Britvic_The London Essence_Mixers

Britvic is instead focusing on promoting its brands as mixers or alternatives to alcohol

Britvic has no immediate plans to extend one of its own or PepsiCo-licensed brands into alcohol, according to its UK MD Paul Graham.

Speaking at the launch of the Britvic Soft Drinks Review yesterday (23 May), Graham said the supplier was not preparing to rival competitors such as Fever-Tree and Coca-Cola Europacific Partners by releasing an alcoholic ready-to-drink (ARTD) proposition

“It’s not something we’re actively exploring in terms of having a brand with alcohol,” Graham said. “It’s an interesting space, but if you look at our strength in hospitality we have been mixing our brands with alcohol for years, and part of the reason we are so strong in terms of licensed outlets is because of that.”

The category blurring between adult soft drinks, soft drinks, ready-to-drink cocktails and mocktails was “a really interesting dynamic”, Graham admitted. He said, however, that Britvic was instead focusing on working with retailers to develop the reputation of its brands as mixers, adult soft drinks and as an alternative to boozier tipples.

He also pointed to moderation trends – citing data from the report that showed 46% of drinkers were looking to consume less alcohol. This, he said, gave “soft drinks their opportunity to shine across channels”.

In the US, PepsiCo has licensing agreements with alcoholic drinks producers to manufacture boozy versions of its Mountain Dew and Lipton Iced Tea brands.

Asked if Britvic would consider NPD in the ARTD category if PepsiCo decided it wanted extend one of its own brands into booze in the UK, Graham remained tight-lipped.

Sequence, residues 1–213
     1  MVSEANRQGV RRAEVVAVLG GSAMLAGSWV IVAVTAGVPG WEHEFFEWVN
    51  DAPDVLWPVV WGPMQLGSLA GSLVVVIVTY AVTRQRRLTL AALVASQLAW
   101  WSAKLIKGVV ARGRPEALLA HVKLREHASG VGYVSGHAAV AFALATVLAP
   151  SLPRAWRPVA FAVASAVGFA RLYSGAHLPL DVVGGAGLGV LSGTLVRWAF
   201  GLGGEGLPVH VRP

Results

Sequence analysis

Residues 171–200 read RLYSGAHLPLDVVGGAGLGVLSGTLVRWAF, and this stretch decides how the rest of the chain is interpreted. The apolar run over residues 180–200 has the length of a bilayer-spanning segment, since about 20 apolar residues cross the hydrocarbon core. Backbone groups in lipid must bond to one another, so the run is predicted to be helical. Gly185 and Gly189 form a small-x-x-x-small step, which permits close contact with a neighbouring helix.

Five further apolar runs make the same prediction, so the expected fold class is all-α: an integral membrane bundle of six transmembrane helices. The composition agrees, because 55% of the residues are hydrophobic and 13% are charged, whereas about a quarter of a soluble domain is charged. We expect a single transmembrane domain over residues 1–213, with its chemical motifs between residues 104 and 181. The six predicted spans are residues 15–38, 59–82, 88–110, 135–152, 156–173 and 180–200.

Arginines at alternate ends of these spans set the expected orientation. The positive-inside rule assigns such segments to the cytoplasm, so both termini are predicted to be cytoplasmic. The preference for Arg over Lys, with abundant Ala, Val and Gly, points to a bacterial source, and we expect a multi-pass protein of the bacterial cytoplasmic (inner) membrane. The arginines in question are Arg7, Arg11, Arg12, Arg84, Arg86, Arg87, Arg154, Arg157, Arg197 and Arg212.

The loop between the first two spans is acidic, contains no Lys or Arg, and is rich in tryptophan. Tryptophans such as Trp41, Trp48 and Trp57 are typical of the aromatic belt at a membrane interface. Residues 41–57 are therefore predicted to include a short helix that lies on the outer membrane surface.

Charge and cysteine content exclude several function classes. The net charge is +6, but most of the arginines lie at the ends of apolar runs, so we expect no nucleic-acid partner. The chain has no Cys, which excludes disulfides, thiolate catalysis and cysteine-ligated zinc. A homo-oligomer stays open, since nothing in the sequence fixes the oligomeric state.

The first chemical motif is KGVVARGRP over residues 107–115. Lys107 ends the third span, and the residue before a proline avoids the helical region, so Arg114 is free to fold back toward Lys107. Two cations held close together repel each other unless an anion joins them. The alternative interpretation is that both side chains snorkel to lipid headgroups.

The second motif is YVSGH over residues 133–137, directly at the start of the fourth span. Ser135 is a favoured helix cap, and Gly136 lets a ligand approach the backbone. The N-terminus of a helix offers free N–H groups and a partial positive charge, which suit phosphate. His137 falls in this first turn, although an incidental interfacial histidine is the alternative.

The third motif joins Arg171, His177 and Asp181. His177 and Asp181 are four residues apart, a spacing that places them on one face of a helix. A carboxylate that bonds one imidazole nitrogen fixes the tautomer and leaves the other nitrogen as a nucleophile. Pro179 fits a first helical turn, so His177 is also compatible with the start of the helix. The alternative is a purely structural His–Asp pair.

“They are our strategic partners and we have continual conversations with them around portfolio,” he said.

Elsewhere, Graham cautioned against concluding that the remarkable performance of Prime in 2023 meant sports drinks were back in vogue.

“There’s a reason why sports was the highest-growing category [in soft drinks] in 2023, and that reason was Prime,” he said. “It’s been a phenomenon in terms of its impact in the market, but equally looking at the short term in 2024 its going down at the same speed it went up.

“I certainly wouldn’t read too much into it and say the whole market and consumer has changed and is now drinking sports drinks,” he continued. “I think it just happened to be that Prime was categorised as a sports drink.”

Instead, the lesson for soft drinks suppliers from Prime was that celebrities and influencers had a “phenomenal” ability to “communicate and interact with their cohort or their tribe”, Graham said. He added established brands needed to “break with a traditional marketing approach” to respond to the threat posed by new challenger brands.

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